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Justice News

Department of Justice
U.S. Attorney’s Office
Southern District of Indiana

FOR IMMEDIATE RELEASE
Wednesday, August 10, 2016

Indianapolis contractor prosecuted for illegal asbestos removal

Indianapolis – United States Attorney Josh Minkler today announced that Paul Walker, 56, Indianapolis was prosecuted in federal court for illegally removing asbestos from an inhabited apartment building.  Walker was charged with negligent endangerment under the federal Clean Air Act.  On Monday, he pleaded guilty and was sentenced by U.S. Magistrate Judge Debra McVicker Lynch to four months of house arrest, two years of probation, and a $2,000 fine.

“Asbestos is a dangerous substance and putting people at risk by illegally removing it is a federal crime,” Minkler said.  “If you must remove asbestos, do it the right way and follow the law.  If you cut corners to try to save a buck, you will be caught and prosecuted.”   

Walker was an Indianapolis-based contractor who performed maintenance and renovation work on an apartment building at 38th Street and Central Avenue in Indianapolis.  In mid-2015, Walker agreed to a renovation project that involved removing asbestos insulation from piping and a boiler in the building’s basement.  He told the building owner that the abatement work would be subcontracted to a licensed asbestos abatement company so that “all permits and all proper paperwork [would] be submitted to the state and everyone concerned.”  He even obtained and sent the building owner a quote for the work from a licensed abatement company.

In July 2015, Walker removed the asbestos himself.  Doing so saved him the expense of hiring the professional abatement firm, but it also put the residents of the building at risk for exposure to harmful asbestos fibers.  Asbestos insulation, when left undisturbed, generally does not pose a risk.  Removing asbestos, however, can release asbestos fibers into the air.  Federal law describes in detail how asbestos must be safely removed, such as by wetting the asbestos material and carefully removing and disposing of it.  Walker failed to follow these rules, and as a result, allowed asbestos fibers to be released.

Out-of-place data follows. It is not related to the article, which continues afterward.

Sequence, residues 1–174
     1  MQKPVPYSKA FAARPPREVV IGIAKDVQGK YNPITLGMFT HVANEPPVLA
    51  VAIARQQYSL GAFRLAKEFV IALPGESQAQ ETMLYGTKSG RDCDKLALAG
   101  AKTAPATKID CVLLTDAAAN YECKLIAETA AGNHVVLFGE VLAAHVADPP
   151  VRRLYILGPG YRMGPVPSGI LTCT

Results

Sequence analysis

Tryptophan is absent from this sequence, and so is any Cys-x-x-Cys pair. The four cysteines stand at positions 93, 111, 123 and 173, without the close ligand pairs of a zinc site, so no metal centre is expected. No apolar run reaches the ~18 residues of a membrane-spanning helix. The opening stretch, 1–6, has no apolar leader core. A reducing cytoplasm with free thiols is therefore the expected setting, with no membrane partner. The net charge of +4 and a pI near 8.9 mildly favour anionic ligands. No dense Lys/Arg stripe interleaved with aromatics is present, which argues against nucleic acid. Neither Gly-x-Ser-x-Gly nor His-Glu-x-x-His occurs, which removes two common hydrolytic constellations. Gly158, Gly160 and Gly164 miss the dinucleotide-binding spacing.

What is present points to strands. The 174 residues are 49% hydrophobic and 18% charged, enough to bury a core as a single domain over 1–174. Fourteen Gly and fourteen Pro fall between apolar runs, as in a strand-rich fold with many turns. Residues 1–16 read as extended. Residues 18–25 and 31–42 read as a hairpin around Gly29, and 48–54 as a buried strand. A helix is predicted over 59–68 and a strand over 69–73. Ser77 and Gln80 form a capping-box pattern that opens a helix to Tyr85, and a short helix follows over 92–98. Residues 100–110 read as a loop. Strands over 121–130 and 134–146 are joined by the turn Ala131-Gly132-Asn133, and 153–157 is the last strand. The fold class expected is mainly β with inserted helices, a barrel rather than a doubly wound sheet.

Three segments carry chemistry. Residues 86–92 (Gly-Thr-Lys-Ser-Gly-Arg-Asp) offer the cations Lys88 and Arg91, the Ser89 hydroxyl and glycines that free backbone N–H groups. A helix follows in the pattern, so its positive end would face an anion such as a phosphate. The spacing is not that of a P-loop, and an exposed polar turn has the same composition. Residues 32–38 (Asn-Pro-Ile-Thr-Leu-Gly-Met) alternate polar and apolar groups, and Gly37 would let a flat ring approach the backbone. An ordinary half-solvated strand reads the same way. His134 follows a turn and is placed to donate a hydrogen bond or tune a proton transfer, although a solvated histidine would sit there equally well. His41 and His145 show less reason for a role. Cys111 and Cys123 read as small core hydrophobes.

Later testing revealed that although the asbestos fibers did not reach the inhabited floors of the building, Walker’s actions placed the residents at risk of exposure to asbestos fibers.   The asbestos was eventually properly removed by a professional abatement firm, at Walker’s expense.  Nevertheless, because Walker’s misconduct put residents at risk for exposure, he faced prosecution for Negligent Endangerment. 

"The defendant was responsible for the renovation of an apartment building which he knew contained asbestos and endangered the health and safety of local residents by failing to follow proper asbestos removal procedures," said Jeffrey Martinez, Special Agent in Charge of the U.S. Environmental Protection Agency's criminal enforcement program in Indiana.  "The public health dangers of asbestos exposure are well known, and this case demonstrates that those who fail to follow by the law will be held to account."

“The investigation began when the Indiana Department of Environmental Management (IDEM) received a complaint and sent to the site an air quality inspector,” said IDEM Commissioner Carol S. Comer. “The inspection report was evaluated by IDEM’s Office of Criminal Investigations which notified the U.S. EPA’s Criminal Investigations Division in Indianapolis. This conviction sends a clear message that people who willfully defy the law will be fully investigated to ensure human health and the environment are protected. We are grateful for the assistance of our federal partners in this joint investigation.”

Assistant United States Attorney Nick Linder prosecuted this case for the government.

Updated August 10, 2016